Trajectories of storm surges studied on Martha’s Vineyard

The Martha’s Vineyard Commission (MVC) and the Center for Coastal Studies (CCS) in Provincetown presented the results so far of the storm tide pathways study. According to the CSS website, storm tide pathways are pathways that running water would take in low-lying coastal areas.

VMC Special Projects Planner Dan Doyle said the study is being conducted to “identify the paths floodwaters will take on the island as sea levels rise and storm surges increase. “. The study and the mapping are carried out by CCS.

CCS coastal geologist Mark Borrelli said the study is a two-year project that began in September 2020 and will end in June 2022, when the results will be made public. The funding came from a grant from the Massachusetts Office of Coastal Zone Management, which the researchers were able to secure with help from the town of Oak Bluffs.

Borrelli said there were two aspects under consideration. The first is to map storm surge pathways for island cities, which will also be available for viewing on the National Weather Service’s Flood Threat and Coastal Flood Mapping website, as well as a standalone app for staff. of the town of Martha’s Vineyard and the public. The other is to compile an “island-wide inventory of low-lying roads and associated infrastructure.” Borrelli wants to ensure that the data collected is “useful and usable” for local and regional government entities so they can address current and future concerns. This means that the easier they make it easier to use data, the better it is for cities and the public. Borrelli said this is particularly important because many towns in Cape Town and the islands do not have their own staff to carry out geographic information system work.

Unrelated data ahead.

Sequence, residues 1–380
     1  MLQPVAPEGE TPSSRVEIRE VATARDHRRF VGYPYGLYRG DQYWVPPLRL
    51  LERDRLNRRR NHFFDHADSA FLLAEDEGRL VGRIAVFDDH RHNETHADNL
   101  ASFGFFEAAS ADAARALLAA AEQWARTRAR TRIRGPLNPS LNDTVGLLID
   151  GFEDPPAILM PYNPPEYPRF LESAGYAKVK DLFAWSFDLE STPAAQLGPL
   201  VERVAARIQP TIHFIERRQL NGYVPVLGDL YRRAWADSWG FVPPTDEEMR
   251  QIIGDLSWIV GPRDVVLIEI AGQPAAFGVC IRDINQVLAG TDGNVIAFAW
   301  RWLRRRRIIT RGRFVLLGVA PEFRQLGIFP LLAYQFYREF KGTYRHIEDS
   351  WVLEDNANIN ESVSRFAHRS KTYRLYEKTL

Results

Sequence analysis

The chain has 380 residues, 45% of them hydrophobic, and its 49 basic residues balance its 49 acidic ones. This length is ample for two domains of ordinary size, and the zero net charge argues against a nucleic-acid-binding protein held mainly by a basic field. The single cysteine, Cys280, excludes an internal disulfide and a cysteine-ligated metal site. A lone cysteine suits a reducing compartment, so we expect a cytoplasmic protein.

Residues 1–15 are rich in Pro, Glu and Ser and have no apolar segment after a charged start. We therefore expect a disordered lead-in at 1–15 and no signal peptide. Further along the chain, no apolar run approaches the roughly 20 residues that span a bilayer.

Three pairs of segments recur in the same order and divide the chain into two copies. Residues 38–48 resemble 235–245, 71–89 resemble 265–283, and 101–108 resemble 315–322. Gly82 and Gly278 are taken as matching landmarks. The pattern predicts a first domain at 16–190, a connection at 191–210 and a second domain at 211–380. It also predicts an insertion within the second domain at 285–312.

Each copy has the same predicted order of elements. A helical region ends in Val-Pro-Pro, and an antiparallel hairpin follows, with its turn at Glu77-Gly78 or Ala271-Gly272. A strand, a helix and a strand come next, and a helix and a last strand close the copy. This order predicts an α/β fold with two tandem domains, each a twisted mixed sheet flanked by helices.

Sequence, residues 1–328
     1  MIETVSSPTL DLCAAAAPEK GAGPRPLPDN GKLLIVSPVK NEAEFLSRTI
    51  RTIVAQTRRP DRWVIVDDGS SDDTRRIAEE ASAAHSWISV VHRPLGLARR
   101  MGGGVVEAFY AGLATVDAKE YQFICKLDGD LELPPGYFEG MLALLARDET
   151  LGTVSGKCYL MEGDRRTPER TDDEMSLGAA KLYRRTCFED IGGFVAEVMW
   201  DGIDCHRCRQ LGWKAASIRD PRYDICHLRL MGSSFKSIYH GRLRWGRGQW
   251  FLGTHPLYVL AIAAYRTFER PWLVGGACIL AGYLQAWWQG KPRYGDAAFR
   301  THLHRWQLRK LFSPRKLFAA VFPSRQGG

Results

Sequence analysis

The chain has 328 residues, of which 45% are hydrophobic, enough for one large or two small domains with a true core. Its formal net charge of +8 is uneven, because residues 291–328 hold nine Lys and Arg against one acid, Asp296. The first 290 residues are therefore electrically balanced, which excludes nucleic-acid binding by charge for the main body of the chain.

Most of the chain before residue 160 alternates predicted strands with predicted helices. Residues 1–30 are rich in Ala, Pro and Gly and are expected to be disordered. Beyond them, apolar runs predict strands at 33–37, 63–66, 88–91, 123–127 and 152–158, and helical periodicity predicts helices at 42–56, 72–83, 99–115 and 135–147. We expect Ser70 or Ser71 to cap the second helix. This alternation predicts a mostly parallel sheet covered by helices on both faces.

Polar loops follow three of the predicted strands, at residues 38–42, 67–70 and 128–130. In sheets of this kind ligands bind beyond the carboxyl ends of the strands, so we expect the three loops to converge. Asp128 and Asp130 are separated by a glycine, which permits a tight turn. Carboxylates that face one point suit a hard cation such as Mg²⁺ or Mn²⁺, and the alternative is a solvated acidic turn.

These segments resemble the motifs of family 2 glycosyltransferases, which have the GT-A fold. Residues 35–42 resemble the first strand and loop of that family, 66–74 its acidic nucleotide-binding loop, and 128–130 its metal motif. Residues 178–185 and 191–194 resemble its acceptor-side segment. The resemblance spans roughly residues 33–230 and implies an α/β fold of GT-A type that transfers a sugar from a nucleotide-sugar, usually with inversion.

“We do the mapping. We are there. We’re on the vineyard for three or four days in March doing all the island-wide mapping of these storm tidal paths,” Borrelli said. He said the National Weather Service was making real-time forecasts for the next two days of total water levels on the island, although there is no tide gauge yet.

Several communities in Massachusetts, such as Provincetown and Nantucket, have been studied for storm surge paths, according to Borrelli.

“People in Provincetown actually use this data when there’s a storm coming,” Borrelli said. “So they’ll see a storm one day, and they’ll go to those and figure out where the storm tide lanes are, based on the National Weather Service forecast — minor flooding, moderate flooding, that sort of thing — then they’ll look at our data to find out exactly where the water could flow in. They moved sandbags, they moved these portable flood walls to prevent flooding.

Although it takes a few years for the data to settle, Borrelli said the cities that hold the information “really love and use the data.”

Borrelli said there were three main numbers that were used to map storm tide pathways and water levels on Martha’s Vineyard: the highest high tide of the year, the “record storm,” and an addition of 8.5 feet to account for sea level rise and storms. The “record storm” for Martha’s Vineyard is the 1938 hurricane, which brought the water level to 9.42 feet at low tide. Borrelli said every half-foot rise in total water level can flood 360 acres of land.

According to Borrelli, there are a total of 717 storm tide lanes on Martha’s Vineyard. Of those trails, 57 of them are within 10 yards of roads “deemed critical infrastructure,” such as Lake Avenue in Oak Bluffs. These 57 trails are also within 100 yards of “critical facilities,” such as Martha’s Vineyard Hospital, police stations, and bridges, among others.

Borrelli also showed Provincetown examples of resources available online, such as the Breaking Seas Hazard Map and the National Weather Service’s Coastal Inundation and Flood Threat Map.

At the end of the presentation, a question and answer session took place in front of an audience of 53 people. People asked questions about how to use the data, what other parts of the island might be affected by the study, and how to involve the community.

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